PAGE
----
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Elevating Nature: Sylvia Benitez’s Artistic Exploration of Flora



Amidst the swift pace and constant activity characterizing contemporary existence, many of us forget to take the time to understand what life really means to us and how this relates to our inner peace. Few individuals like Sylvia Benitez emphasize the importance of living differently. These few strive to bring attention to this phenomenon, using their gifted capacities– recognizing their art and talent behind hidden puzzles–to leave a long-lasting impression on their surroundings. Their zealous personalities hold massive power, crafting masterpieces and building connections within our contemporary society, gifting a significant community with awe. And perhaps, the peace we all seek.

While it may sound like a fantasy for those who have never experienced the imaginative outcomes of an artist’s mind, even they would agree with the power of art and the attention it captivates as one explores the relentless efforts crafted by the soft bristles of a paintbrush against a canvas or the intricacies suffered by delicate hands in creating sculpture an artist has sweated for days to create.

American visual artist Sylvia Benitez was born on June 27, 1957 and is well-known for her atmospheric paintings and sculpture installations. Her inventive application of native flora and materials, as well as her investigation of Arte Povera concepts, define her sculptural work. But it was as the creator of The Gentileschi Aegis Gallery Association (GAGA), that she attained notoriety. She established this nonprofit in 2011 and currently still serves as its president. The nonprofit helps create exhibition opportunities for member artists.

The Moment of Recognition for Benitez

AICA recognized Sylvia Benitez in 1997 for her outdoor sculpture installation in Puerto Rico; she also received two Pollock-Krasner Foundation awards in 1997 and 2000; an Adolph and Esther Gottlieb Individual Support Grant in 2011; and two National Endowment for the Arts Visiting Artist Fellowships, written and filed through the auspices of these hosting organizations: the Abington Art Center in Pennsylvania, 2008 and the Escuela des Arte Plasticas, San Juan, Puerto Rico, 2001. Other artist fellowship residencies include The Ucross Foundation, 1993, Manhattan Graphics Center, 1991, Yaddo, 1984, Altos De Chavon, Dominican Republic, 1984, MacDowell Colony, 1984 & 1985; Virginia Center for the Creative Arts, 1999; Sculpture Space, 1998; The Vermont Studio Center, 2003; etc.

The Commencement of Benitez’s Artistic Career

Behind every great success story lies an epic tale of struggles and the valuable days of learning. Similarly, Benitez before gaining wide recognition for her prowess initiated her artistic career in the early 1980s. While she was still a resident of New York City’s Lower East Side, she adopted and implemented the ideas of Arte Povera. Gradually, her artistic focus shifted to using native flora, such as wild grape vine, kudzu, maple tree seeds, bamboo, bejuco vine, phragmites and farmer’s baling twine. Materials she could easily find or harvest near site. This use of readily available organic material used in a sculptural way paved the way for Benitez being one of the ten artists chosen to exhibit at the John’s Hopkins University Sculpture Biennial exhibition in 2004 held on the Evergreen House’s lawns.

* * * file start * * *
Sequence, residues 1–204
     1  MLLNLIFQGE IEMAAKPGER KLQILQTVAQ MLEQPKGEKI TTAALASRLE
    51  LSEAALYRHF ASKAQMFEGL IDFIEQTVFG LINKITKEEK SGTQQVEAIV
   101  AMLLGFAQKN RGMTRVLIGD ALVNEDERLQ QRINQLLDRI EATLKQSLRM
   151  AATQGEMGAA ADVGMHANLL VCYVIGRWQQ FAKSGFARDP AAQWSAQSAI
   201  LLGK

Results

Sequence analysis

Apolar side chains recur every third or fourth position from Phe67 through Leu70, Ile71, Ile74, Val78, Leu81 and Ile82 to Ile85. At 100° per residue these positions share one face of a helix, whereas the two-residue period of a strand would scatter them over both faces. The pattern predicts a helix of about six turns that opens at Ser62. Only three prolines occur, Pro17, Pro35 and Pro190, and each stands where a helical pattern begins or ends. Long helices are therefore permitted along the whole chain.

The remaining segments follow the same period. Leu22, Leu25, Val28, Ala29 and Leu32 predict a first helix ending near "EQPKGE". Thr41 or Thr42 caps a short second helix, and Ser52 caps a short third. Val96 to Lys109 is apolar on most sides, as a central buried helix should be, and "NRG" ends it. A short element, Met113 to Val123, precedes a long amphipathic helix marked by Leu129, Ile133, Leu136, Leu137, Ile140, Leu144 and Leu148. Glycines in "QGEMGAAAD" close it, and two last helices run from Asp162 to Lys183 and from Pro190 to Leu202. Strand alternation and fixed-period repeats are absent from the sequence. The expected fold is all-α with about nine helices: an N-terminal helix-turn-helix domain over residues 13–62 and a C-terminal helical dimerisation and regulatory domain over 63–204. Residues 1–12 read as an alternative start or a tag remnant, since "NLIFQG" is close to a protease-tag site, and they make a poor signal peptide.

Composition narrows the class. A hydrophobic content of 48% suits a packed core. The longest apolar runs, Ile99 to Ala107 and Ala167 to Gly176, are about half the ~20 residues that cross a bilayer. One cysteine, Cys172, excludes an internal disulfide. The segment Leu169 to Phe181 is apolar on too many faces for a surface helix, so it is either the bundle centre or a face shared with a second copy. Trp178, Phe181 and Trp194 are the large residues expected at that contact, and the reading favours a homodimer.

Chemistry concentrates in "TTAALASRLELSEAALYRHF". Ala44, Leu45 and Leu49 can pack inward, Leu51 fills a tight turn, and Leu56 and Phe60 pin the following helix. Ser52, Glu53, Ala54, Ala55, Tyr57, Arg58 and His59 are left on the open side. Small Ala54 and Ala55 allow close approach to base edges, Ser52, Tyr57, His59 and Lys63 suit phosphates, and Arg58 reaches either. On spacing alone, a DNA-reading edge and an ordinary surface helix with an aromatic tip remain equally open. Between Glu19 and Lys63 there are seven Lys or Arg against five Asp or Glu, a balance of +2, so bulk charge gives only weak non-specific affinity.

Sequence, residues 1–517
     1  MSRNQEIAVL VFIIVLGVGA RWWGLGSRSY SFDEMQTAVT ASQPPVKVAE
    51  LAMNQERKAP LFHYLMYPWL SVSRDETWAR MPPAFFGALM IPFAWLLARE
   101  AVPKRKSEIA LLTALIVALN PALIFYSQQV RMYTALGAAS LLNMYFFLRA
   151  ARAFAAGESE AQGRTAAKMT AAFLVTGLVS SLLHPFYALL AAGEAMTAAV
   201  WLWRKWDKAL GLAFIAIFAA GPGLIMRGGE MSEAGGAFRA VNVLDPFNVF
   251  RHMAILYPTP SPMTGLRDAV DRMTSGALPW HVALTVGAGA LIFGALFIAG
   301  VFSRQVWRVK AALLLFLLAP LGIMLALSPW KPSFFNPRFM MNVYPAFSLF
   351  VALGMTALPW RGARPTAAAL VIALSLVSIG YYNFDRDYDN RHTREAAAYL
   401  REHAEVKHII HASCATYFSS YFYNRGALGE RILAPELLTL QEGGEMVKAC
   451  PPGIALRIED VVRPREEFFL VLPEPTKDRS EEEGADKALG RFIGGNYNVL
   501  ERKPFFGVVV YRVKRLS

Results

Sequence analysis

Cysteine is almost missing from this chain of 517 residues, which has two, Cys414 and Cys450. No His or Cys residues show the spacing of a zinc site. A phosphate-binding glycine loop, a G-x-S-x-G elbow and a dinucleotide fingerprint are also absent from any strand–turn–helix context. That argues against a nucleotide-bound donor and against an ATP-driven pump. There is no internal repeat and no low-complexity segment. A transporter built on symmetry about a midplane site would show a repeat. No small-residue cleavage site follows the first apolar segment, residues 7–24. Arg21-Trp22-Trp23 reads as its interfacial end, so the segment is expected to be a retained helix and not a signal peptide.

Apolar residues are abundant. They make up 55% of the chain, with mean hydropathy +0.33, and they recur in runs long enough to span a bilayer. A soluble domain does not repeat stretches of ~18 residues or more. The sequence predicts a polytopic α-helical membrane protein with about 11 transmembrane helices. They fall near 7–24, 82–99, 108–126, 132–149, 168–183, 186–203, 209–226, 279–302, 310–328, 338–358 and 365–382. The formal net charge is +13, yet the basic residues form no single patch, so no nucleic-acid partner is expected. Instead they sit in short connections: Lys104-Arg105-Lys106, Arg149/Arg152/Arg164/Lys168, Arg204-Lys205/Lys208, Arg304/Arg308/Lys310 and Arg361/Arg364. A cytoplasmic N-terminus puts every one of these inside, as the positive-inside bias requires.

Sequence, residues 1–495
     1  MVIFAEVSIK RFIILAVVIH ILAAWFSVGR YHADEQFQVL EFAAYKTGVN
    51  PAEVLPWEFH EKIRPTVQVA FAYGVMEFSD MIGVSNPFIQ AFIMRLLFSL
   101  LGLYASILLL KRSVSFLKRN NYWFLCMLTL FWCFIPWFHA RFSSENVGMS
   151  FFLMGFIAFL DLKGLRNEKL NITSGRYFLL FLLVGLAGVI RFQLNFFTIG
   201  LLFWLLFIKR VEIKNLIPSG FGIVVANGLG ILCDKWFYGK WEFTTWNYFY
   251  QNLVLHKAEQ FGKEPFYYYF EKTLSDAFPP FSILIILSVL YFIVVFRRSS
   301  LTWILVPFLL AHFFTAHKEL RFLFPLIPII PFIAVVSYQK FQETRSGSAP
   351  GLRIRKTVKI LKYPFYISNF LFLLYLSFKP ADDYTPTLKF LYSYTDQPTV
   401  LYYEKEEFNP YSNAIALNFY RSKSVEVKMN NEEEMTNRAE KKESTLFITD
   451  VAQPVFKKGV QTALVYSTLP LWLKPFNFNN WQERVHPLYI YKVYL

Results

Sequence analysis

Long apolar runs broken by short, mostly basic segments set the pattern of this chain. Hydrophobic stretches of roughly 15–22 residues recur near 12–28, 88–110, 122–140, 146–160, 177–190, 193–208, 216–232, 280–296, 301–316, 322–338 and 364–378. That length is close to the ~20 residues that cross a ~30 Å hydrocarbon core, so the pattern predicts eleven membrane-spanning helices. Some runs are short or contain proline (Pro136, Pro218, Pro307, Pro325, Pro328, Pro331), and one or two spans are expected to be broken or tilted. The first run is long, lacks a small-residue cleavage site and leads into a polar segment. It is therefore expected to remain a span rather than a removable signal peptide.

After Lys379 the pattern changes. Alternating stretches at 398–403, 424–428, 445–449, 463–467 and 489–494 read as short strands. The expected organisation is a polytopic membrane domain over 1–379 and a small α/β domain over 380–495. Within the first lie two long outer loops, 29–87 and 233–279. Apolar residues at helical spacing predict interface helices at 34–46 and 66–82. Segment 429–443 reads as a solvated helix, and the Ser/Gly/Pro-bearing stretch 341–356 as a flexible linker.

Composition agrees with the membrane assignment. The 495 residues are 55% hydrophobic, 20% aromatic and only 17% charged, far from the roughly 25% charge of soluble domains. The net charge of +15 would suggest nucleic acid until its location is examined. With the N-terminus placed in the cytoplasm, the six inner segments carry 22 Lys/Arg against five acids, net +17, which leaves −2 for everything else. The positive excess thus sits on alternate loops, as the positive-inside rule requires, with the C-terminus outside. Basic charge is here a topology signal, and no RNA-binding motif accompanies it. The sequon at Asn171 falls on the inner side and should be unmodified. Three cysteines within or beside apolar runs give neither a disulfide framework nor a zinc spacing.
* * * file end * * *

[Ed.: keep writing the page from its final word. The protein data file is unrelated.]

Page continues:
Numerous esteemed locations, such as Socrates Park, Wave Hill, the Whitney Museum, El Museo de Historia, Anthropologia y Arte, American Craft Museum, and Stone Hill Quarry Art Park, have hosted her work. For these, Benitez employed mostly harvested grapevine and/or other harvested matter to create the sculpture. Her focus on baling twine as a signature material originated when  it was first used as an armature for her work exhibited in Art Omi’s exhibition, “Aedicules”.

Hatshepsut: Abington Art Center, Harvested Bamboo and Fallen Maple Tree, 2008


It was during that on-site sculpture building process at Art Omi, that Benitez had a personal epiphany regarding the aesthetic attributes and sculptural potential of the golden hemp commonly known as baling twine. She continued to investigate this material further, often creating large inverted pyramidic forms with it.

Sleeping Beauty: Baling Twine and Stainless steel Cable, John’s Hopkins University Sculpture Biennial, 2004


Benitez taught community art landscape painting classes at Southwest School of Art, 2009 – 2022. She had previously led workshops in organic sculpture art, which were made possible by a program started and supported by the Richmond Museum of Fine Arts. In this context, the final link relates to the Richmond Museum of Fine Arts program, which includes the aforementioned organic sculpture art classes.

Eventually Benitez moved into a 2-dimentional format, saying she had said all she needed to say with her large-scale ephemeral sculptural installations. As of now, her atmospheric landscape paintings, created without the aid of photographs and aided only by visual memory, are greatly admired, and sought after. These have been proudly solo exhibited in various institutions including the McNay Art Museum, The Mitte Gallery at Texas State University, The Louise Underwood Center for the Arts, Rockport Center for the Arts, The Dougherty Center, The San Antonio Art League and Museum and are represented by Wally Workman Gallery, Slate Gray Gallery, and Hunt Gallery.

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